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Publication numberUS4182494 A
Publication typeGrant
Application numberUS 05/877,375
Publication dateJan 8, 1980
Filing dateFeb 13, 1978
Priority dateFeb 13, 1978
Also published asCA1096907A1, DE2856266A1
Publication number05877375, 877375, US 4182494 A, US 4182494A, US-A-4182494, US4182494 A, US4182494A
InventorsWilliam J. Wichman, Robert W. Patterson
Original AssigneeAnthony Manufacturing Corp.
Export CitationBiBTeX, EndNote, RefMan
External Links: USPTO, USPTO Assignment, Espacenet
Anti side splash drive arm for an impact drive sprinkler
US 4182494 A
Abstract
For use with an impact drive sprinkler of the full or part circle type, an anti side splash drive arm is provided comprising a reaction member on the arm which includes a first curved portion for deflecting a stream of water ejected from a nozzle on the sprinkler through a first obtuse angle, and a second curved portion, spaced laterally from and behind the first curved portion, for deflecting the stream of water through a second obtuse angle approximately equal to the first whereby the deflected water stream emerges substantially parallel to the stream of water ejected from the nozzle.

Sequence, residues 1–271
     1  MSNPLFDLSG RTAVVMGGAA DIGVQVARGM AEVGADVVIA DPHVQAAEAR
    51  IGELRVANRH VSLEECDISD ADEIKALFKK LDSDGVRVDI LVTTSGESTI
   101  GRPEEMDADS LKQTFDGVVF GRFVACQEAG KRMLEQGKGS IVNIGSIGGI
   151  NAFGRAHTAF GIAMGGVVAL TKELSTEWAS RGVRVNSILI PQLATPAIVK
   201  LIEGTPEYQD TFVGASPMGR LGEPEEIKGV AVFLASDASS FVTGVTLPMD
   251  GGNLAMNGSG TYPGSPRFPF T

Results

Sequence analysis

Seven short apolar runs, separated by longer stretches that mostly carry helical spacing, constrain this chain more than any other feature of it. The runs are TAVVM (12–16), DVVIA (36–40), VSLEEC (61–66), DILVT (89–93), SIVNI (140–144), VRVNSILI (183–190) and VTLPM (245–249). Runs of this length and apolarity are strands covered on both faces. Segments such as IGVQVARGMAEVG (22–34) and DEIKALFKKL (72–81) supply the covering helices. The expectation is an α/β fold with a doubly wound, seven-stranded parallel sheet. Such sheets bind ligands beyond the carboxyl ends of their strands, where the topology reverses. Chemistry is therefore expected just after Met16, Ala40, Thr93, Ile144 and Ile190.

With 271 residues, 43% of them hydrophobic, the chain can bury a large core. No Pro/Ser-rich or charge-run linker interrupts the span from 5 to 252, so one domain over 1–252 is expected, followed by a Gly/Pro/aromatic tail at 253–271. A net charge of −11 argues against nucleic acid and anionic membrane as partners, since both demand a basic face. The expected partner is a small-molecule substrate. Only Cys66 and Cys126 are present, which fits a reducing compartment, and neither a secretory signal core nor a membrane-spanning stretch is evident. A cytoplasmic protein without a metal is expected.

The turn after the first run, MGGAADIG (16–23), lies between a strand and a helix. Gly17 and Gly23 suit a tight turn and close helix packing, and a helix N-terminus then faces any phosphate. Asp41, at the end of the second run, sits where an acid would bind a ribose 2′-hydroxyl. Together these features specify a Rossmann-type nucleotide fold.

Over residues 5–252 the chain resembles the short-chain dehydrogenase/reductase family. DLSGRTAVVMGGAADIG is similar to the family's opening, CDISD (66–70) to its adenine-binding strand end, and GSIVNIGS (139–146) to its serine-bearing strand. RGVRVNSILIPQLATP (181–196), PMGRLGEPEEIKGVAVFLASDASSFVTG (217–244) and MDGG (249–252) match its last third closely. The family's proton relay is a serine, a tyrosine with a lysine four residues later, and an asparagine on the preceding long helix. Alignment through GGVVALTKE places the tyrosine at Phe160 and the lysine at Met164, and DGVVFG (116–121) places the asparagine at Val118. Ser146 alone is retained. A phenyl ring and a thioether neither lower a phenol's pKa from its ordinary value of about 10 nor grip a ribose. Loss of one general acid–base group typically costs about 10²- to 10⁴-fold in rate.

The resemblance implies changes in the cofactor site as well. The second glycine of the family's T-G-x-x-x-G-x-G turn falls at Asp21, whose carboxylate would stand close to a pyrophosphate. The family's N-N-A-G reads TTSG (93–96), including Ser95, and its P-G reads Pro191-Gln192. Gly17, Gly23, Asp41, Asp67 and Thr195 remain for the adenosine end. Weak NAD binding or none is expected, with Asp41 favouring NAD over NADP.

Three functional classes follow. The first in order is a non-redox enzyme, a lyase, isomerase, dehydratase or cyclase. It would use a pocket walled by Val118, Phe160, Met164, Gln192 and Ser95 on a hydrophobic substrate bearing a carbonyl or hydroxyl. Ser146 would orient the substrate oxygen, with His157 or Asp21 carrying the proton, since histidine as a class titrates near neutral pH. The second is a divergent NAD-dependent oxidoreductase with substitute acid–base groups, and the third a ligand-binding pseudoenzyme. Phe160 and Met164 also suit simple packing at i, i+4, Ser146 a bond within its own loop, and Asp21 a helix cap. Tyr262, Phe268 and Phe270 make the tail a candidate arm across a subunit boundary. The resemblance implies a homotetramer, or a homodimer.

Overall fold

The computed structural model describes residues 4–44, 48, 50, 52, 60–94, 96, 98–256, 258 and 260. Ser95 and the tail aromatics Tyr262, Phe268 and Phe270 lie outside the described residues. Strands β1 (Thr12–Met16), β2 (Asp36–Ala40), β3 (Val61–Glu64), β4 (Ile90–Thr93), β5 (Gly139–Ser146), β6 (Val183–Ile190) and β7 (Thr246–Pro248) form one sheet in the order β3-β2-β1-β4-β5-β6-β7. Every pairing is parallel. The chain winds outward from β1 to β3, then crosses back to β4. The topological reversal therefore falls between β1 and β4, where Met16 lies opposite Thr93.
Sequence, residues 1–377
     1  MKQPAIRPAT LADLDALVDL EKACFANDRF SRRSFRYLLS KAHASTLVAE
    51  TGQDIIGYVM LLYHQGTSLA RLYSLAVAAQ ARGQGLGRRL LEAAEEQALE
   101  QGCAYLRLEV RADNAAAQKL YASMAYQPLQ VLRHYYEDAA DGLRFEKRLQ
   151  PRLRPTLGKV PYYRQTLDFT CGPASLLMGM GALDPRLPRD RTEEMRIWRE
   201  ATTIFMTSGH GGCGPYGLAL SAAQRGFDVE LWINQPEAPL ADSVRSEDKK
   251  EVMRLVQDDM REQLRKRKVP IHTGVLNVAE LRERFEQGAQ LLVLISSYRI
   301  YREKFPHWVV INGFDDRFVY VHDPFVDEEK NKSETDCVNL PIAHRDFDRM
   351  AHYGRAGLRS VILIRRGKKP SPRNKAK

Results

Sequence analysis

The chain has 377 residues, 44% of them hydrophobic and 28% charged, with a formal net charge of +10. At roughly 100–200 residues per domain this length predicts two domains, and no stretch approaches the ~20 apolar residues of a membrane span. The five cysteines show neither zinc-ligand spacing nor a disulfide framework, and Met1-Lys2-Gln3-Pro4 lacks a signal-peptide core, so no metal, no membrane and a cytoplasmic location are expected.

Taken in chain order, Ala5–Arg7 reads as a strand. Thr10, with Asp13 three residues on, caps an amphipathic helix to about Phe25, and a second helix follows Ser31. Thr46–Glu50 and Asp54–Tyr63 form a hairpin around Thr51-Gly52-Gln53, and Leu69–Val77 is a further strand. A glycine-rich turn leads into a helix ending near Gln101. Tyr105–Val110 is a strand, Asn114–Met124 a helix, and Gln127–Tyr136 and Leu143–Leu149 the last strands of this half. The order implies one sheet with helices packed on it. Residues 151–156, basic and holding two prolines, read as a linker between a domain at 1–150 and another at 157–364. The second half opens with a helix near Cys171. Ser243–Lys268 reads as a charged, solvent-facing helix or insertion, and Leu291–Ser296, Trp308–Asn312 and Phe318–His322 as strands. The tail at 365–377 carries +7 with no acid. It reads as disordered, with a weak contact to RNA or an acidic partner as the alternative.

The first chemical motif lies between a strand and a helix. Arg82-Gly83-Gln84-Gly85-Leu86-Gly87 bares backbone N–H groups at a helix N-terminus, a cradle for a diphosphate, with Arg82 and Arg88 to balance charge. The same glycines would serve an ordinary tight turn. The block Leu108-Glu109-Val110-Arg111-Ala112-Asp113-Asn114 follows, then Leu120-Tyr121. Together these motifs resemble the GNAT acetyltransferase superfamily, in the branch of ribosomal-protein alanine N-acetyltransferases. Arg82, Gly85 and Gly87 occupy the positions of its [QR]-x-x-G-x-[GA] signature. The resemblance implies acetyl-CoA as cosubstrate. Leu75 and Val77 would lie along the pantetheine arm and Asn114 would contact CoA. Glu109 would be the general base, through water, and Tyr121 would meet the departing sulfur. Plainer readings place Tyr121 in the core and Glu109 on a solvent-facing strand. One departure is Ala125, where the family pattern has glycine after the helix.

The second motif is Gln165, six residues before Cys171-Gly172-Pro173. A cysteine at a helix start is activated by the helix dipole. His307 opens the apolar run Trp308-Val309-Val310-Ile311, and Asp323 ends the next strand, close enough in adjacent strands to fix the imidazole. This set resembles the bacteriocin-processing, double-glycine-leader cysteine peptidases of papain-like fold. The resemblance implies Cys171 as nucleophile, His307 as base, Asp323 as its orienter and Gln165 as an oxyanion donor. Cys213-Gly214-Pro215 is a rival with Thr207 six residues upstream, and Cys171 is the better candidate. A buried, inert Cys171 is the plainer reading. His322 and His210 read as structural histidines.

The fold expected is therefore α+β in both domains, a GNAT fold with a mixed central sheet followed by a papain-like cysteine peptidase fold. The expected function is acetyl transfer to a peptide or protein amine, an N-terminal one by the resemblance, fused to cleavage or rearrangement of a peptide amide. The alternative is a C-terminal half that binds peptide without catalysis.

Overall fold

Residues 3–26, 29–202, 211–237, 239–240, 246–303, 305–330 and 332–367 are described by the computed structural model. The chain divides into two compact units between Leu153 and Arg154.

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Claims(15)
We claim:
1. In an impact drive sprinkler of the type having a body with a sprinkler nozzle through which water is ejected from the sprinkler in a forward direction, and an oscillating spring biased impact arm having a reaction member which is repeatedly deflected laterally away from a rest position intercepting the water ejected by the nozzle, then biased back to the rest position to impact the body and effect rotation of the body through a preselected arc by small angular increments, the improvement comprising:
a rearwardly facing arcuate deflector surface on the reaction member for diverting water issuing from the nozzle through a first angle of at least about 120 degrees laterally and rearwardly from said forward direction; and
a forwardly facing arcuate deflector surface on the reaction member for receiving diverted water from said rearwardly facing deflector surface and having a portion disposed a substantial distance rearwardly of said rearwardly facing deflector surface for redirecting the diverted water forwardly to a direction substantially parallel with said forward direction, whereby water issuing from the nozzle is substantially confined to the preselected arc through which the sprinkler is rotated.
2. The improvement as set forth in claim 1 wherein said first angle is between about 120 and 180 degrees.